For protein quantification, every peptide quantified has an intensity measurement for every sample. The intensity measurement is a relative quantity, given by the area-under-the-curve (AUC) from the extracted ion chromatogram (XIC) after background noise removal. The AUC is measured at the same retention time for each sample after the sample chromatograms have been aligned [36]. The intensities are then transformed to the log scale where base 2 has become customary. The log transformation serves two purposes. First, relative changes in protein expression are best described by ratios. However, ratios are difficult to statistically model and the log transformation converts a ratio to a difference which is easier to model. Second, as is frequently the case in biology, the data better approximate the normal distribution on a log scale [40]. This is important because normality is an assumption of the ANOVA models used to analyze this data. The base of the log transform is arbitrary with base 2 the most common with genomic data. Base 2 is popular because a two-fold change (or doubling, or 100% increase) yielding an expression ratio of 2 is transformed to 1 on a log base 2 scale (i.e., a two-fold change is a unit change on the log base 2 scale). After log transformation, the data are then quantile normalized [37]. Quantile normalization is a method of normalization that essentially ensures that every sample has a peptide intensity histogram of the same scale, location and shape. This normalization removes trends introduced by sample handling, sample preparation, total protein differences as well as changes in instrument sensitivity while running multiple samples.

If multiple peptides have the same protein identification then their quantile normalized log base 2 intensities are averaged to obtain log base 2 protein intensities. The average of the normalized log peptide intensities is a weighted average. A peptide is weighted proportionally to the peptide ID Confidence for its protein category and receives a weight of zero if it is outside that category. For example, a ‘HIGH’ category protein gives zero weight to peptides with < 90% Confidence. The log base 2 protein intensity is the final quantity that is fit by a separate ANOVA statistical model for each protein. The ANOVA is a statistical model that separates the variation due to groups, samples and replicates and constructs the appropriate statistical model for discovering group differences.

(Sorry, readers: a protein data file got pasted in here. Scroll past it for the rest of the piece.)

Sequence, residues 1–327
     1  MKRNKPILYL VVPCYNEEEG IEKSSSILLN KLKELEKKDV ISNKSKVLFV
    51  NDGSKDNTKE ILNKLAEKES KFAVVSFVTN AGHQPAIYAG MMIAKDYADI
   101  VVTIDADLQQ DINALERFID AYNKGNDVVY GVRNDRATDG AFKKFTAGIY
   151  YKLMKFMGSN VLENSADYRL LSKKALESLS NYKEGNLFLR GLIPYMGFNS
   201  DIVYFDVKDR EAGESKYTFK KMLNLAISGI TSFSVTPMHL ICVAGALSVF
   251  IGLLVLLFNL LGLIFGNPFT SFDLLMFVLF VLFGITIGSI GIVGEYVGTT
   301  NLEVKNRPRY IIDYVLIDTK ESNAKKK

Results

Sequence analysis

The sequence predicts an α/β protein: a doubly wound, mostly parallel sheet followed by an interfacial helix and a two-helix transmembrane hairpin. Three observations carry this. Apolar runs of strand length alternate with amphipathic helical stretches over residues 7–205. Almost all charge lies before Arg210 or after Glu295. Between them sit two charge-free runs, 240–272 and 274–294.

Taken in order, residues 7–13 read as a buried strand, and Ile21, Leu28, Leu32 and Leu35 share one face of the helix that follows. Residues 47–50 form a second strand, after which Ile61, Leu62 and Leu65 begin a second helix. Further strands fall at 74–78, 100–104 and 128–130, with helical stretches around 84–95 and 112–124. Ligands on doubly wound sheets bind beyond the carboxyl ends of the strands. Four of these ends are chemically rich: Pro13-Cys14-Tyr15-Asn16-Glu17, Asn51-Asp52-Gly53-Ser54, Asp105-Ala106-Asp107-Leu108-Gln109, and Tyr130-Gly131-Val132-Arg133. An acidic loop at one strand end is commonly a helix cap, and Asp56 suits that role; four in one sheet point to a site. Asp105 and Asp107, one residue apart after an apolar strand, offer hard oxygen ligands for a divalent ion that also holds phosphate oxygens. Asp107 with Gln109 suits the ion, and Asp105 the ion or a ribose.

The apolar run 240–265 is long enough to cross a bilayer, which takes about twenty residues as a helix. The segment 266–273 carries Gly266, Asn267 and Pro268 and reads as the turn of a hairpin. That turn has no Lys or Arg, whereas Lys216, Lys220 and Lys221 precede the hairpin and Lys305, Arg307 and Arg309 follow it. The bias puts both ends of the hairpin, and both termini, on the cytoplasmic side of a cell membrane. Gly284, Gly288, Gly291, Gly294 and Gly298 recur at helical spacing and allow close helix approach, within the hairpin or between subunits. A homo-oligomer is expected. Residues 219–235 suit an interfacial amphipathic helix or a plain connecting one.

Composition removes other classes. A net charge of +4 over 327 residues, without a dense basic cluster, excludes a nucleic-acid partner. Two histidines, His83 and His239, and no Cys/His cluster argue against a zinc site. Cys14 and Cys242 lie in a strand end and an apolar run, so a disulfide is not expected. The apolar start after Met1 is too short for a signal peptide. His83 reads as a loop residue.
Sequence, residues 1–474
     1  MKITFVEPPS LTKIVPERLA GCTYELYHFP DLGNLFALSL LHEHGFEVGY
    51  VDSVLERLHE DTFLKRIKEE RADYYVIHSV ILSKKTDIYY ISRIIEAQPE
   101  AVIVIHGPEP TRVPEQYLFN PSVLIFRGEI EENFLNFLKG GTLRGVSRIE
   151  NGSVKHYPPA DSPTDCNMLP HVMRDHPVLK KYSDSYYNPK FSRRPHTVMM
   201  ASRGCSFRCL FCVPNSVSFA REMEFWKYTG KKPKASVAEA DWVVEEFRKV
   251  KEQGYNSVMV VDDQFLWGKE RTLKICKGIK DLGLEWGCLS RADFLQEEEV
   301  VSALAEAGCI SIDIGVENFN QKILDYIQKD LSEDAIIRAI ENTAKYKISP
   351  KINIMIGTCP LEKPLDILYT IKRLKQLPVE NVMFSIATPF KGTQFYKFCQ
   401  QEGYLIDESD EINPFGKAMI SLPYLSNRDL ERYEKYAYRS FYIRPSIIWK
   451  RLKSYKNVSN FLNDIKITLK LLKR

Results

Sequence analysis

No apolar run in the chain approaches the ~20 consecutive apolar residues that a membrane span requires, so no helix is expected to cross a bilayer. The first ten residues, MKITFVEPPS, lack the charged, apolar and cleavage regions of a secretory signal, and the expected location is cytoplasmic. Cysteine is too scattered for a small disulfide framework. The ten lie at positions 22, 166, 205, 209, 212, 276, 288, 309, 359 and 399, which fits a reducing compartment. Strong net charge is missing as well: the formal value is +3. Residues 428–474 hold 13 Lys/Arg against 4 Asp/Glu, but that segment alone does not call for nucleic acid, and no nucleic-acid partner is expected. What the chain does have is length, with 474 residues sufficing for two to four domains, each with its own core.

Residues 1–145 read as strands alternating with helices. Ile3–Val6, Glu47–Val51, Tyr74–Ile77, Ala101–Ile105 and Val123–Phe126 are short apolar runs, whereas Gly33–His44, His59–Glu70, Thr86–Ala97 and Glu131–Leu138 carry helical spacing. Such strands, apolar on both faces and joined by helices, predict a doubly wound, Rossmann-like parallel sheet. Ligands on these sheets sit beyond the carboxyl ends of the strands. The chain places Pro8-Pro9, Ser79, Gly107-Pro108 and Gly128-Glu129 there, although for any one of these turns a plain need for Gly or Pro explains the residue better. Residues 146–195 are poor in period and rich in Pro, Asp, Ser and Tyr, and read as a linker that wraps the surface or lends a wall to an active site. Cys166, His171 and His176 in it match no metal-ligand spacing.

Quality assurance and quality control

In this study, all injections were performed using the same C18 microbore column. To assess the stability of the column and instrument, chicken lysozyme was spiked into every sample at a constant amount before tryptic digestion. After tryptic digestion, 9 chicken lysozyme peptides were quantified (all peptides with ID confidence > 75%). The overall mean for each group is displayed by the line across the plot. This plot presents a visual quality control assessment of the ability of the instrument to measure a constant amount of protein over sequential injections. Since a constant amount of chicken lysozyme was spiked into all the samples, it should show no significant change between groups. If there is a significant group effect (i.e. if q-value < 0.05), then one should interpret significant changes in other proteins with smaller fold changes as possibly due to spurious effects. In this experiment, the largest absolute fold change for chicken lysozyme was 1.16 with a q-value of 0.0667. Even though this is not a significant change based on the q-value threshold of <0.05, any significant fold changes of absolute magnitude less than 1.16 in this study should be interpreted with caution.

Statistical analysis

The number of significant changes between groups, the maximum absolute fold changes and the exhibited variability (Coefficient of Variation) for each Priority level are displayed in Table 2. It gives the number of proteins with significant changes for each Priority level. The threshold for significance is set to control the False Discovery Rate (FDR) for each two group comparison at 5% [41].

Dealing with high-dimensional data has always been a major problem in pattern recognition, group classification, and machine learning. Linear discriminant analysis (LDA) is one of the most popular methods for dimension reduction. It projects high-dimensional data onto a lower dimensional space by maximizing the separation of data points from different classes and minimizing the dispersion of data from the same class simultaneously, thus achieving maximum class discrimination in the dimensionality-reduced space. In this study, LDA was performed to evaluate the beneficial effects of multiplexing. As shown in Figure 2, when any combination of 5 markers from Table 3 was chosen, classification accuracy for sensitive vs. resistant reached optimal level, demonstrating that a combination of surrogate biomarkers could separate chemoresponders from non-responders fairly well. Again, it should be mentioned that this small proof-of-principle profiling experiment has some shortcomings concerning the limited number of cell lines and sample size. These initial results must be validated thoroughly and independently to substantiate the relation between over-expression of these biomarkers and chemodrug resistance.